Knowing the Amtrak would have to make a station stop at Green River, we quickly headed back to I-70 to see if we could get ahead of Amtrak west around Desert. As we were getting off on US-6 west of Green River, Amtrak was leaving Green River on a clear signal. We knew that once Amtrak got up to track speed, the Zephyr would actually be gaining on us as they could go close to 80 MPH, and we were stuck going 65 MPH. We got to Desert and got out of the truck. I was getting ready to setup the tripod when I heard "Amtrak 5, highball Desert." I looked up and saw Amtrak right on top of us. Foregoing the tripod, I did my best to take pictures at 1/15 a sec using only my hands. Well, you'll note that none of those pictures are posted on the website here! There is a good reason for that. 1/15 is just a little to long for clear pictures without a tripod.

Not even wanting to try to catch Amtrak again, we decided to call it a day and headed back to Green River to get some much-needed dinner. We stopped at the Arby's on the west side and enjoyed a nice dinner break around 9pm. By the time we were done with dinner, around 10pm, we headed back toward Sagers to pitch camp for the night. Let me tell you, it is not easy to find the correct dirt road in the desert at night when you don't even have the Book Cliffs for reference!

We eventually made it to the west switch of Sagers (parked off railroad property, about 50 feet away) around 11pm, just in time to see an eastbound coal train go flying past. So much for our first night shot opportunity. As luck would have it, that would be our only night shot opportunity (with a train) all night long. Oh well, that was okay. We were going to try to capture a few stars with the silhouette of the signal mast in the foreground. Great thought, except that by the time we got the truck setup and our cameras setup, clouds had moved in and there was not a star to be found in the sky.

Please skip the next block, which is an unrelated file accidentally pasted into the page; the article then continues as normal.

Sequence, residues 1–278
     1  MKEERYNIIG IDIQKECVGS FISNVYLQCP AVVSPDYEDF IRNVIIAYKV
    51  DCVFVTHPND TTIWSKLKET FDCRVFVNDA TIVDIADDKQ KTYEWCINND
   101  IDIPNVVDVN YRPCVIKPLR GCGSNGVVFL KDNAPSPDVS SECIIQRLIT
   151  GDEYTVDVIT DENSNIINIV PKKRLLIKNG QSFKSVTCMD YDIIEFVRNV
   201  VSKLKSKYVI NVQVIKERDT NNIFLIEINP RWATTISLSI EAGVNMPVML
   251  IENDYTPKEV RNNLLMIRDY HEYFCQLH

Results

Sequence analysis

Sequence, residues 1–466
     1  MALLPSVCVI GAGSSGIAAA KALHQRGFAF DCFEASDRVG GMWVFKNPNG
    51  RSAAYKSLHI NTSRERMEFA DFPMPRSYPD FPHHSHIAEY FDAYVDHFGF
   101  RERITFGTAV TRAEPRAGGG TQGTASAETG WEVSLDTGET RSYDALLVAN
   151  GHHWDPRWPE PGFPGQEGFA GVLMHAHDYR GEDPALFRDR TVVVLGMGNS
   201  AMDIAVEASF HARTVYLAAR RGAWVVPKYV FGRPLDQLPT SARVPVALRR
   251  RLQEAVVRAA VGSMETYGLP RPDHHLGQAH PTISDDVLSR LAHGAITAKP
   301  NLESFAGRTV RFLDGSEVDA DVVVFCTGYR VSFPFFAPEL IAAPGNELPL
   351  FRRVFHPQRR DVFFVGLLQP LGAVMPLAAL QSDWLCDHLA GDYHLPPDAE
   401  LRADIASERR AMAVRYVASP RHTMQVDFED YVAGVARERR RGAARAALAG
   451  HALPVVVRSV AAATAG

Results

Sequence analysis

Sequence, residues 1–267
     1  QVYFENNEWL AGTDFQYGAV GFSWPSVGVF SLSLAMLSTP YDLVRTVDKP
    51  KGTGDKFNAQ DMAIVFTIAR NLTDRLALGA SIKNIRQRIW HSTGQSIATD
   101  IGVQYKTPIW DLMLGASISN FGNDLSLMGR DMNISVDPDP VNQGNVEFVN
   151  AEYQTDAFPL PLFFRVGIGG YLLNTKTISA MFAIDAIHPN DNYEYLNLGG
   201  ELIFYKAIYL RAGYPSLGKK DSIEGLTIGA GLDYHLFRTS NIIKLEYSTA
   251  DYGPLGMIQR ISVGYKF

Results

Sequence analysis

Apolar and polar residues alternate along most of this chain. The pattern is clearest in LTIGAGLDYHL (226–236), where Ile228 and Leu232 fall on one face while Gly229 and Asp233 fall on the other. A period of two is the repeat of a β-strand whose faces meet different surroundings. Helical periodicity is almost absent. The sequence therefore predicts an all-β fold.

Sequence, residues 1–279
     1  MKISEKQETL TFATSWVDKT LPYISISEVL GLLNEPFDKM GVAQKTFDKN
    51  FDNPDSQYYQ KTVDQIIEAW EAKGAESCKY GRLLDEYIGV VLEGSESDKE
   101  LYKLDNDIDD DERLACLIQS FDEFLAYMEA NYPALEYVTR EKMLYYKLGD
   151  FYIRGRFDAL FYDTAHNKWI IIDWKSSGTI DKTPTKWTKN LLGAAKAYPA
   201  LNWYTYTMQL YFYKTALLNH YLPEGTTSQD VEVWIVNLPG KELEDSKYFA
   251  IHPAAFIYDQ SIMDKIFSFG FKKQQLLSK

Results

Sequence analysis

After trying (without success) to get some descent shots until 1am, we finally gave in to futility when the rain started again, and called it a night. However, we theorized that the storm by move out by 4am or so, and we set an alarm accordingly. Three hours later, the alarm went off and we woke up to storm skies and light rain. We gave up on our night shots for this trip, and set an alarm for 6am, another two hours of sleep.

DAY 4 - Sunday, June 12, 2005

The division point between Day 3 and Day 4 is very fuzzy in my mind. Although I had set an alarm for 6am, my sleep was disturbed around 5:10am by some scanner chatter. I was half awake and planning on turning the volume down, when I heard "BNSF east, advanced approach Sagers." I shot straight up! Even though I didn't catch the number, I heard "east" and "Sagers", and I knew we would not have much time. I looked out the bed of the truck and the signal at West Sagers was proudly displaying an approach signal, yellow over red.

I kicked the tail gate open, grabbed Damian's leg, and told him to get the heck up! We had smartly left our tripods setup outside the night (well, a few hours) before, and covered them with plastic bags to keep the heads from getting wet. This was a very smart idea as we were both able to get our cameras setup (the rain had stopped) and get a few timed shots of the Stockton-Denver flying by, even though it the sky was now rapidly getting lighter.

The head end flew past us and I was able to get a timed shot that showed the yellow signal dropping to red, so in the picture is appears as though the signal is displaying a yellow and red indication simultaneously. As the train slowed (because there was a red signal at the east end of Sagers), we grabbed a few more shots of the train.

The Stockton-Denver contacted DS-78 to ask if they would be meeting a westbound here at Sagers, hence the yellow signal. DS-78 said no, that CTC was having a lot of problem after the long, wet night. The train would have to be flagged past the signal at the east end of the siding. DS-78 did, however, say that they would be meeting a westbound MNYRO at Elba, the next siding to the east.

Damian and I quickly broke down our campsite and started thinking about some possible timed shots that we could do when the MNYRO arrived. That, however, did not work out quite like we had hoped. Because both trains were being flagged past red signals (meaning they were restricted to 10 MPH until the next non-red signal), and because both trains had to hand-operate the switches, it took a little while for the MNYRO to show up.

It was after 6am by the time the train pulled up to the east switch of Sagers (which was red, of course). However, I noticed that the clouds were gone from the western sky. So, even though there was zero direct sunlight, the western sky was offering shutter speeds of at least 1/250 of a second. This would make for a great silhouette shot, and I was able to get two. In both of them, the conductor from the MNYRO-10 was on the ground. He had to put the switch in hand-throw until the lead unit was in the OS, then the switch could be put back in power and the conductor could reboard the train.